Ashland's police officers are wrapping up their third week of intensive leadership training provided by the International Association of Chiefs of Police.

"This is the first time we've ever done anything this intensive in terms of three weeks of leadership training," Police Chief Terry Holderness said.

Ashland is the first agency to conduct this training in Oregon, Holderness said. He had the chance to attend similar training sessions as police captain in Fontana, Calif., and he made it his goal to bring the seminar to Ashland upon accepting the chief position.

"It's the best leadership training I've ever attended," he said.

Previous options for leadership training included a week-long sergeant school hosted by the state and assorted three-day trainings. For the three-week session, both supervisors and senior officers attended to help shore up the accountability of the department.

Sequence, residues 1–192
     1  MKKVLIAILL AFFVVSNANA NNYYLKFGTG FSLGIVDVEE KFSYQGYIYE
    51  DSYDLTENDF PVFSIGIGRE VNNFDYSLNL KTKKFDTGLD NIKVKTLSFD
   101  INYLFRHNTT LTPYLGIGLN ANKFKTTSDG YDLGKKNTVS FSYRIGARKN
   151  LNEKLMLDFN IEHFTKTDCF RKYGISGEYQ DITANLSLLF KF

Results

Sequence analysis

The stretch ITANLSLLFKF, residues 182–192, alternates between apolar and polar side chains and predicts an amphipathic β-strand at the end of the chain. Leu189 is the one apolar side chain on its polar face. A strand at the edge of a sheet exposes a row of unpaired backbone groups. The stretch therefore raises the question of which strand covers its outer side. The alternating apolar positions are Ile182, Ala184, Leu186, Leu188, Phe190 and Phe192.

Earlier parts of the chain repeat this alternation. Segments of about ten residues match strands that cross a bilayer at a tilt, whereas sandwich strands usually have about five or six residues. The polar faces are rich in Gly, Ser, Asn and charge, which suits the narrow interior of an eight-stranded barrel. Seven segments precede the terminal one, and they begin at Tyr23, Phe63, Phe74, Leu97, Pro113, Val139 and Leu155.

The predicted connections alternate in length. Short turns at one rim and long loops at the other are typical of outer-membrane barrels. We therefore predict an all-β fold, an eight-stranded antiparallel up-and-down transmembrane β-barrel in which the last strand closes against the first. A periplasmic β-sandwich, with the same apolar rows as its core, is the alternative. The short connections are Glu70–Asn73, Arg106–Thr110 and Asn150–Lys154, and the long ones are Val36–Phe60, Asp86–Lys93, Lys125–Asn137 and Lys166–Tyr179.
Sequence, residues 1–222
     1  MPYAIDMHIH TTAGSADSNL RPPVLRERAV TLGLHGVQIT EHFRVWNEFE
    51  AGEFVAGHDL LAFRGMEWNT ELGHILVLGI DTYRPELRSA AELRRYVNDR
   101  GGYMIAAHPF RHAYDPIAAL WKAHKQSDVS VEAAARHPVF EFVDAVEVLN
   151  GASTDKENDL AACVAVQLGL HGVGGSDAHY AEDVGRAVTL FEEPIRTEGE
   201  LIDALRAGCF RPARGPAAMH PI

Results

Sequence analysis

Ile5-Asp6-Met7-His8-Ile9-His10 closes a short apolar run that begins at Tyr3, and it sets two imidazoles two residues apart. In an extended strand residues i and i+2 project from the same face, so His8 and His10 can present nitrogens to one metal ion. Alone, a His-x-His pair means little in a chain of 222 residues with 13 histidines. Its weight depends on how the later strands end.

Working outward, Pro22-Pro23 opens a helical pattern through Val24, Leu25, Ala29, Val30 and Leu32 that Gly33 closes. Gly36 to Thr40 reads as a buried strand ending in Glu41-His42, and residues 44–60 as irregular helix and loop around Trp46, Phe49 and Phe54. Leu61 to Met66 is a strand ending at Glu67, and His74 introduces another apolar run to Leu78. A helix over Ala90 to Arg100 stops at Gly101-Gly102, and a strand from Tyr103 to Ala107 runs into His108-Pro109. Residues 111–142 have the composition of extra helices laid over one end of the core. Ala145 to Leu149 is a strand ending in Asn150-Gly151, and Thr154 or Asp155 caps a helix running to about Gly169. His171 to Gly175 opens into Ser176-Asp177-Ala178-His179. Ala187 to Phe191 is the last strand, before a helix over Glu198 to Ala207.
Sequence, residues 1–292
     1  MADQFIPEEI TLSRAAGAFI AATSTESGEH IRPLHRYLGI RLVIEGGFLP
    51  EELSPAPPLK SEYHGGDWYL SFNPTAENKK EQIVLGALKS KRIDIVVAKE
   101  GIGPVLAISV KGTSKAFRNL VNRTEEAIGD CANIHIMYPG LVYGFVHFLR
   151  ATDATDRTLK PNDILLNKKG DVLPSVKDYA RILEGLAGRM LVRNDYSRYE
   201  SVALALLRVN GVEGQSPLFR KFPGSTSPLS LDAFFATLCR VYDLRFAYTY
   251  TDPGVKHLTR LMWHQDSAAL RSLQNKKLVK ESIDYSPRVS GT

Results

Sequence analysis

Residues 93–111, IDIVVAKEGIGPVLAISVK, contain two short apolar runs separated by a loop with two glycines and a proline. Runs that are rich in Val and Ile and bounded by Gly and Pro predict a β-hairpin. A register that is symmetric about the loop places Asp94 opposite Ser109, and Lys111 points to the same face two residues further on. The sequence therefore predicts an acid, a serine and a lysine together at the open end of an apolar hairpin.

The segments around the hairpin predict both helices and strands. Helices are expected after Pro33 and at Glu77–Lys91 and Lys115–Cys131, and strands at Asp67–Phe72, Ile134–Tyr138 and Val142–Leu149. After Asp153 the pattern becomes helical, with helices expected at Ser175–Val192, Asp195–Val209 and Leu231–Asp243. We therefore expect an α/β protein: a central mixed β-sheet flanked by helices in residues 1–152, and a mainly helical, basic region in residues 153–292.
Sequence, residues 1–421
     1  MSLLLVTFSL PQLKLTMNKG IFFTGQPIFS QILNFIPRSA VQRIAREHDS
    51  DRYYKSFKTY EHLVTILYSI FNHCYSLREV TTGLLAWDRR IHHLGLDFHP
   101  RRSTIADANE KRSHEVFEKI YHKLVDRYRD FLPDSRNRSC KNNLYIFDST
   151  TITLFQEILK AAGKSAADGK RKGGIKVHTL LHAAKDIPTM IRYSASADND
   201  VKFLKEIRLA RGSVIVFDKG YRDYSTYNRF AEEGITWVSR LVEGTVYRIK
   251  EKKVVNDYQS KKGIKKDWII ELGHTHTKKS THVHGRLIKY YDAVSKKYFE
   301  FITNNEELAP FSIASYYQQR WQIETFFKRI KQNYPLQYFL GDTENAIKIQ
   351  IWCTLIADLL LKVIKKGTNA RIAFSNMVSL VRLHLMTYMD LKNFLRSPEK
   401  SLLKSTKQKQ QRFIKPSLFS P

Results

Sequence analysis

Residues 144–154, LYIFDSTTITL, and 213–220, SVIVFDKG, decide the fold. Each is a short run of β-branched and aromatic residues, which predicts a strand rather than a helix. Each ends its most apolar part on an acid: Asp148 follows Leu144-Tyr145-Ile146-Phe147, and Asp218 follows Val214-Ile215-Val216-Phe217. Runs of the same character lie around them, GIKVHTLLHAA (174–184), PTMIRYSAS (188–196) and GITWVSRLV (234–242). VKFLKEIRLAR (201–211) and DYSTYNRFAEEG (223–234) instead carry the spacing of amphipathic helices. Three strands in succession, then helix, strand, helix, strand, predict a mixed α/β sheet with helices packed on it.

"Leadership isn't just about positional leadership," Holderness said. "It's about informal leaders within the organization."

Robert White, the lead facilitator for the program from Flagstaff, Ariz., said he teaches people how to create environments where employees motivate themselves, which helps prevent cynicism and bitterness and leads to a better police force overall.

"Most people don't leave their organizations when they quit," he said. "They leave their leaders."

Police from around the Valley also joined in the training, including the chief from Central Point, several Medford and Phoenix officers and students from SOU's criminology programs. Those invitations recouped $18,000 of the $30,000 budgeted for the training.

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